75 Torah Scrolls Dedicated to Fallen Soldiers
The joy of Simchat Torah: every letter counts.
Last summer, a ceremony was held at the Kotel in which 75 Torah scrolls were dedicated in memory of the 75 soldiers killed in Operation Protective Edge. There were thousands of people at the dedication, including the families of the soldiers, President Rivlin, Rabbi David Lau, Rabbi Yitzchak Yosef, Defense Minister Moshe Yaalon, chief of staff Gadi Eisencott and Shin Bet chief Yoram Cohen.
Most of the Torah scrolls had been hidden in a basement in Romania during the Holocaust and with the help of a huge contribution from Jews all over the world, were then brought to Israel. After the dedication ceremony, the Torah scrolls were given to synagogues across the country, and one Torah remained at the Western Wall.
“Our sons who were killed… remain as eternal letters. These scrolls are our identity; they are a symbol of continuing life.” President Rivlin
During the ceremony, the distinguished guests and families of the soldiers wrote the last letters in the scrolls. Before he wrote one of the letters in the Torah scroll, President Rivlin said, “I am writing to honor the sanctity of the Torah scroll. The Jewish people chose the Torah to commemorate the death of our loved ones. These scrolls constitute our true identity. The Torah of the Jewish people has marched alongside us in high and low times, good and bad. The Torah accompanied us in our wanderings in exile and in our redemption. From it we draw strength and faith. Our sons who were killed on the altar of the homeland remain as eternal letters. These scrolls are our identity; they are a symbol of continuing life.”
Policeman carried the Torah scrolls, one after the other, in a seemingly endless line in the Kotel plaza. Dedicating these Torahs to the fallen soldiers did more than honor their memories; it gave each of them an infinite connection to life. Judaism teaches us that every Jewish soul is a letter in the Torah. Just as one missing letter in the Torah renders it incomplete, so too each and every one of us has a unique contribution that only we can give.
When someone dies, we mourn not only his physical presence but the tremendous loss of all of his gifts that the world needs. A sefer Torah embodies the beauty of each of their individual souls joining with the souls of the Jewish nation to create eternal meaning, letter by letter. Because every letter counts. Every single one of us has a letter to write, a meaning to create and share with the unique gifts that we are each given.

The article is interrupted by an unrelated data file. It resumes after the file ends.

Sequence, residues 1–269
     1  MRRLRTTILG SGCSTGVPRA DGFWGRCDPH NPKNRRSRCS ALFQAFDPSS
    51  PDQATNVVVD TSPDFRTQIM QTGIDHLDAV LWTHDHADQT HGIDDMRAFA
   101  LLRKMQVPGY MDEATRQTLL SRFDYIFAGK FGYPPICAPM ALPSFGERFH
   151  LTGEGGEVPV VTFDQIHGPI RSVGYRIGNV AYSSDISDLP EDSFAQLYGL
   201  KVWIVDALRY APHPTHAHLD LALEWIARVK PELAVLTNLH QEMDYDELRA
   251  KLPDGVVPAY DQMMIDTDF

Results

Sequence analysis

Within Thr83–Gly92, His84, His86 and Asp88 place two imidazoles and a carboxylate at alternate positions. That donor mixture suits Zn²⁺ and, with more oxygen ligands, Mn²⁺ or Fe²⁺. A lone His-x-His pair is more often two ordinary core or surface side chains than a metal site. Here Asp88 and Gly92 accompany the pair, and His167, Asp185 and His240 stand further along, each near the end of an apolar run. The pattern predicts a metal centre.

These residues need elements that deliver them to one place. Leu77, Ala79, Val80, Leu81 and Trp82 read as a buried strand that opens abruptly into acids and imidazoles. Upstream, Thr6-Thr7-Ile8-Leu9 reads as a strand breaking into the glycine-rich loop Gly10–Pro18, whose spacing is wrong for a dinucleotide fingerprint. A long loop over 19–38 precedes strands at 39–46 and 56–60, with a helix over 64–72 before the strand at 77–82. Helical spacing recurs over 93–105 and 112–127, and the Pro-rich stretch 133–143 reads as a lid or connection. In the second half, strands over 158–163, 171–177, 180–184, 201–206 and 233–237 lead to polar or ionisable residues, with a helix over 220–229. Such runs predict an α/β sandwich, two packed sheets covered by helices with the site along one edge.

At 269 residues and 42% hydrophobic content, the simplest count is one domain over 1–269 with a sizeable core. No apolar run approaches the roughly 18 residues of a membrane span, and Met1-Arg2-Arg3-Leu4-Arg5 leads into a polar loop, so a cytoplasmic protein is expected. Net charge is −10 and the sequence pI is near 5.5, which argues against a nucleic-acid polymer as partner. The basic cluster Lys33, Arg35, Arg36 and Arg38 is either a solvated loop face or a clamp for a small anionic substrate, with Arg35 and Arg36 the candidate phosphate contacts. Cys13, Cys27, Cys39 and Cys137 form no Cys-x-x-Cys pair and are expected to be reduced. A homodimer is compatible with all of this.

The Joy of Simchat Torah
The inauguration of a Torah scroll is compared to the joy of a wedding because it celebrates the Jewish people’s connection with God and with each other. On Simchat Torah that joy is exponential because we are celebrating every Torah scroll that has ever been written. We are honoring every Jew and every letter that has contributed to the growth and beauty of our nation. We are connecting to a joy that merges each of our individual connections to Torah to the connection that we have as a nation.
It’s a joy that we can’t feel when we are solely pursuing our own individual goals. I think of those 75 Torah scrolls that somehow survived the inferno of the Holocaust, and the words of the brilliant psychiatrist and Holocaust survivor Dr. Viktor Frankl come to mind:
“By declaring that man is responsible and must actualize the potential meaning of his life, I wish to stress that the true meaning of life is to be discovered in the world, rather than within man or his own psyche, as though it were a closed system. I have termed this constitutive characteristic ‘the self -transcendence of human existence.’
“It denotes the fact that being human always points, and is directed, to something or someone other than oneself, be it a meaning to fulfill or another human being to encounter. The more one forgets himself, by giving himself to a cause to serve or another person to love, the more human he is and the more he actualizes himself. What is called self-actualization is not an attainable aim at all, for the simple reason that the more one would strive for it, the more he would miss it. In other words, self-actualization is possible only as a side effect of self-transcendence.”
Max Steinberg, one of the soldiers killed during Operation Protective Edge whose memory was honored with one of the 75 Torah scrolls, embodied this self-transcendence. Max was an American immigrant and a sharpshooter in the Golani Brigad who was killed in the Gaza strip along with 13 other Israeli soldiers. Max originally moved from Woodland Hills, LA to Israel in 2012. He was a “Hayal Boded” a Lone Soldier, the term used for soldiers who moved to Israel without any family. His mother, Evie Steinberg, said that his last words to her during a 4am phone call before he died were: “Mom, I’m not scared at all. I’m scared for you. I’m fine. I’m going back in.”
Even though Max was called a lone soldier, his funeral was attended by thousands of Jews all over Israel. He gave his life for the Jewish people, and the Jewish people came out in droves not only to honor Max’s memory but to show that no Jew is ever really standing alone.
There should never be a lone soldier in our nation. There should never be a lone Jew. We each need each other’s letters. On Simchat Torah, we celebrate the joy of Jewish unity. We celebrate the joy of bringing each of our letters together. And we celebrate the infinite connection that we will always have with those who have come before us and those are yet to bring their letters into this world. Holding the Torah gives us a precious chance to transcend ourselves and become part of the eternal dance of the Jewish people.